For Gary Oppenheimer, 2007 was a year of plenty.Blub.
His backyard garden produced a bountiful harvest with a surplus of spaghetti squash, melons, pumpkins, tomatoes, peppers and cucumbers for his family. At the end of the season, Oppenheimer had 40 pounds of excess fresh produce -- and nowhere to take it.
…Oppenheimer took the produce to a local food pantry at a battered-women's shelter. When he dropped off the food, he was struck by the response he got from the shelter worker.
"[She] thanked me profusely, and as I left she said, 'Now we can have something fresh to eat,' " Oppenheimer recalled. "That stuck with me because I remember walking away thinking, 'What? They have canned stuff only all the time?' "
…In 2008, Oppenheimer became the director of the West Milford Community Garden in West Milford, New Jersey. He learned that toward the end of the summer, plots were often abandoned and good food was sometimes left to rot.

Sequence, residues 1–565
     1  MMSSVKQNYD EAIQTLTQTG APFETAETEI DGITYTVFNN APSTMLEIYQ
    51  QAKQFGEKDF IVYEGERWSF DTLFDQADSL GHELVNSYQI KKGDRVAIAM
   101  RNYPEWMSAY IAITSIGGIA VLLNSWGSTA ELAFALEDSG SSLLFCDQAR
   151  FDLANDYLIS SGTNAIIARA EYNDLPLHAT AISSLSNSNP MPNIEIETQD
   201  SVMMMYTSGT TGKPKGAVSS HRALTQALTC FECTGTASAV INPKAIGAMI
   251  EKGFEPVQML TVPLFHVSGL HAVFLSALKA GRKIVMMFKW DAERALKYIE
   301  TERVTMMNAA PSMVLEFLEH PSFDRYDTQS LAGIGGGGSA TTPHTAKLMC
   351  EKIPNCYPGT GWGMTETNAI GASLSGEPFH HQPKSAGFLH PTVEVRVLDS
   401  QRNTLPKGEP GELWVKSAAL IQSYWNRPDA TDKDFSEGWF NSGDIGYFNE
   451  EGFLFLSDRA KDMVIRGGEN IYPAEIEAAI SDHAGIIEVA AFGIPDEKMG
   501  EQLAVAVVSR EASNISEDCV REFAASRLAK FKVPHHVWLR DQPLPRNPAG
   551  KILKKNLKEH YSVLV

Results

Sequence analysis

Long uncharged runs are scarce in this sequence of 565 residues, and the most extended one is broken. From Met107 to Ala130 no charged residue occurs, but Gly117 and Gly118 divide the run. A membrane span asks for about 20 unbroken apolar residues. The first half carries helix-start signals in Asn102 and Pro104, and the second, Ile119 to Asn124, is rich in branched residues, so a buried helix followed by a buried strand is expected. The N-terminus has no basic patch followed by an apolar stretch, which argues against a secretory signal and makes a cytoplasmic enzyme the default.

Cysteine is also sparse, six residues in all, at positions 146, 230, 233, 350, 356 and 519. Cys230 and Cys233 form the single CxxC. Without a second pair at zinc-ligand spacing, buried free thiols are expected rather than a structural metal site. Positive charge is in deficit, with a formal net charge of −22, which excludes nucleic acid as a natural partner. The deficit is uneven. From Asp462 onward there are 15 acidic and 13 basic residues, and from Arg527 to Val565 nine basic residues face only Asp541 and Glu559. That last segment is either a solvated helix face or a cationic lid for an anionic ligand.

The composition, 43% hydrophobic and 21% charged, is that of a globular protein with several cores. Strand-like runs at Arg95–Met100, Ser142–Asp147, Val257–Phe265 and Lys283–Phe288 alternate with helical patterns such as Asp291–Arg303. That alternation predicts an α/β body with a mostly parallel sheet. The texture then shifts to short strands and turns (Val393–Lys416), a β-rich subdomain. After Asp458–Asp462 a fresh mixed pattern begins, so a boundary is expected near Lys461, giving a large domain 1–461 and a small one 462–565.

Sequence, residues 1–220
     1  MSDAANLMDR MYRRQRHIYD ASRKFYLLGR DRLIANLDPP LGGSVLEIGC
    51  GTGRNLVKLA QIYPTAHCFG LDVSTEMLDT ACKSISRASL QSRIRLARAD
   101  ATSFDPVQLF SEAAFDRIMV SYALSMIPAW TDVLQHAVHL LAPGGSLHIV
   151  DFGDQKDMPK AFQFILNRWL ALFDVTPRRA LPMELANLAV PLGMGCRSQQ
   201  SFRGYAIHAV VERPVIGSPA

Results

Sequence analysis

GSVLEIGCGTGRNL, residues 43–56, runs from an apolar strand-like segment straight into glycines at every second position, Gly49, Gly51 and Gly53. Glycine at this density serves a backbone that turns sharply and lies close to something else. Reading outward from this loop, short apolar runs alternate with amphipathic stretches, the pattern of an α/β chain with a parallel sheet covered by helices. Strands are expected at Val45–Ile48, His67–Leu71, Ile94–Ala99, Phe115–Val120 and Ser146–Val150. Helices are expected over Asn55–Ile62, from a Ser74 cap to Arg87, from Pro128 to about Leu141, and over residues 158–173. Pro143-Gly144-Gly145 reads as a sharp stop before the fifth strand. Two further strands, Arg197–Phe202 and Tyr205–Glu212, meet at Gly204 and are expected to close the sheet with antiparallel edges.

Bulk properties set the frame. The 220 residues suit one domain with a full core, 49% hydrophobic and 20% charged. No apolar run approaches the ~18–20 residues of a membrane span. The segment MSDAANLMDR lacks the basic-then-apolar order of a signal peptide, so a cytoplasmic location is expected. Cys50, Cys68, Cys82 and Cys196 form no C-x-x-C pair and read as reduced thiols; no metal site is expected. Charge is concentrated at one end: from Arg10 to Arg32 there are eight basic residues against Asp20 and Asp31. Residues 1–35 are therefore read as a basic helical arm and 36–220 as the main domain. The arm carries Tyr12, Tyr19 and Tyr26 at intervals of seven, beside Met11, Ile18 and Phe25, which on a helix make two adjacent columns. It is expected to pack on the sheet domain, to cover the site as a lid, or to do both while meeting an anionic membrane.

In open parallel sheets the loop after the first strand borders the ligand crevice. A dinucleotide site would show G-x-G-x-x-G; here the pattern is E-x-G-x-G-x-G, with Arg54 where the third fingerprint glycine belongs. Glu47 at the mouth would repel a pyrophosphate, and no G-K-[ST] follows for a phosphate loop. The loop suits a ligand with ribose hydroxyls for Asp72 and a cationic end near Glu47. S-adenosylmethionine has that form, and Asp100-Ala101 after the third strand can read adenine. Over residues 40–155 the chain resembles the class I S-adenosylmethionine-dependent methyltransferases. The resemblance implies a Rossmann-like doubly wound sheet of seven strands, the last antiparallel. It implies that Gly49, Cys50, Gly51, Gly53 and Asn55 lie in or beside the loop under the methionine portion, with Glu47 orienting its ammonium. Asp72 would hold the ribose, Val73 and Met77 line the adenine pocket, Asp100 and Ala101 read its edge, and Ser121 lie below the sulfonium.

He tried to find a list of his town's local food pantries online where the extra produce could be donated. A Google search showed the nearest food pantry was in another town, 25 miles away -- when in fact there were six food pantries in Oppenheimer's town of West Milford.
Oppenheimer knew he had stumbled upon a gap in information that could rescue fresh produce from a wasteful end and potentially save lives.
"I realized that if I'm having this problem as a gardener, then other people across the country must be having the exact same problem," he said. "I got up the next morning, and I went on the internet, and I grabbed the domain of AmpleHarvest.org."
…The free online resource enables food pantries to register and be listed in a central nationwide directory, and makes it possible for American gardeners to easily find the local pantries where they can donate extra produce.
You know, there are a lot of people who think that social justice work is futile, because people are fundamentally bad, or ruthlessly selfish, or incorrigibly apathetic. Or all of the above. I don't believe that. I believe that the vast majority of people are good—or would be, given the opportunity and the inspiration and the expectation that they aspire to kindness.
I frequently say of ugly things that nothing happens in a void. But decency doesn't happen in a void, either. There are good people doing good things all over the place, and that goodness has the capacity to be infectious every bit as much as hatred does.
Have a wonderful weekend, Shakers—and try to put a little bit of something good out there. I shall endeavor to do the same.